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Monday, March 30, 2015

Thor Vs Identity Theft

In Marvel Comics' "Journey Into Mystery" Issue 83, published in August 1962, we meet Donald Blake, an infirm medical doctor.  

In a small village, he overhears a fisherman tell his neighbors of the strange rock people he has seen. While the locals take no notice of the man's ravings, Donald Blake decides to check out his story.

Before he can return to the village to confirm the fisherman's story, the rock men see him hobbling away. When the rock men fire their guns at him, Don Blake trips, and his cane falls into the ocean. He crawls into a cave, where he finds...

In need of the walking aid, he picks it up. Suddenly...

And not only does the old gnarled walking stick transform, but Don Blake's appearance also alters.

A few months ago, during a fight in Earth orbit, Thor's hammer Mjolnir slipped from his hand and fell to the Moon. In the days that follow, a group of people gather on the air-filled section of the Moon formerly inhabited by the supremely powerful Watcher. These people come not only from Asgard, but also from Earth, thanks to SHIELD's spaceships. They watch Thor struggle and strain, but despite all his strength of muscle and will, and his familiarity with Molnir, he cannot pick up the hammer. Finally Thor's family convince him to return to Asgard and rest. Shortly thereafter, a woman picks up Mjolnir, Thor's hammer of power, and her appearance is likewise transformed.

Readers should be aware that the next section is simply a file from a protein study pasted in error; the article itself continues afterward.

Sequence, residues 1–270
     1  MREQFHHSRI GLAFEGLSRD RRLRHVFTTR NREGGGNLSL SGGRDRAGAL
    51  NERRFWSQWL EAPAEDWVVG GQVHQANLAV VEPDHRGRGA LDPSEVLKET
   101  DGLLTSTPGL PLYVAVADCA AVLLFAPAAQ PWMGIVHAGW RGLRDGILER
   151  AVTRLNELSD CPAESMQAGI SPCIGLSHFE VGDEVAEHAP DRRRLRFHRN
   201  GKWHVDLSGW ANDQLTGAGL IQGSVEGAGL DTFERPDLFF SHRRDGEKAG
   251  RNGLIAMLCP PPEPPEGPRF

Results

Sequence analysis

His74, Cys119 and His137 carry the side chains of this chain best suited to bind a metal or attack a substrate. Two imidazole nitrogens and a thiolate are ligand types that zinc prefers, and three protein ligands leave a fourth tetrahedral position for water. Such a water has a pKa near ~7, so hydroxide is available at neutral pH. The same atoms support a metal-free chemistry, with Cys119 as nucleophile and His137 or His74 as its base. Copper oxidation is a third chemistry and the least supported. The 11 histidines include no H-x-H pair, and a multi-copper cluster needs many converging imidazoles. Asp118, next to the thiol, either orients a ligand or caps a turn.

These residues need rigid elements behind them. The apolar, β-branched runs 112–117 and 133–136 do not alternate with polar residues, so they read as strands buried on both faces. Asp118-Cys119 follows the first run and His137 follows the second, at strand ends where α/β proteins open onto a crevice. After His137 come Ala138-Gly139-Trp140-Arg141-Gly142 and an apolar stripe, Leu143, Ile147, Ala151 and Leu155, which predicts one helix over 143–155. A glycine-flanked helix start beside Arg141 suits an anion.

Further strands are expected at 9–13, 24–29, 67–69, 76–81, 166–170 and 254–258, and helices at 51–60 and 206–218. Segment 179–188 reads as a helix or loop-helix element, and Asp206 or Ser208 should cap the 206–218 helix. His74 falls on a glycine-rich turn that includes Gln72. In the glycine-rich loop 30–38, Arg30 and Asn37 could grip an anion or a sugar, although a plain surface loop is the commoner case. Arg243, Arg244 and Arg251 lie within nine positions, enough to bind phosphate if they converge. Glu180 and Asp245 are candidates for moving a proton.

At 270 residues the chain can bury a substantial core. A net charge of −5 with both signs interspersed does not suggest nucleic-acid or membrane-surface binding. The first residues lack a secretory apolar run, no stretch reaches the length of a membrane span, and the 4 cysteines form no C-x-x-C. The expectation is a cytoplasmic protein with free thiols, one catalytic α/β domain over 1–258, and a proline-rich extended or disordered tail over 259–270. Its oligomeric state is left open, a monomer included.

After all this time in his possession, the loss of his hammer traumatizes Thor. Imagine something so central to your self-image being suddenly ripped away like that. Consider how losing all that power and ability, in a second, would make you feel.

Talk about Identity Theft! 

Reeling from this loss, Thor Odinson vows to discover the identity of the woman now wielding Mjolnir. There's only one problem. Once he was ordinary physician Donald Blake, a handicapped man who needed a cane to walk. Whoever picked up Mjolnir, If this woman was equally transformed by contact with his hammer, then her new physical appearance might bear no correlation to the way she has looked in the past. But then, if quests to reclaim one's honor, sense of purpose, and fabulous weapons of power were easy, we wouldn't cherish those stories like we do.

What are your favorite quest stories? What aspects of the stories make them important to you?

Dragon Dave

P.S. To discover how Thor lost Mjolnir, read the graphic novel Original Sin by Jason Aaron. To follow Thor Odinson's quest, read the new THOR comic book series, also written by Mr. Aaron.

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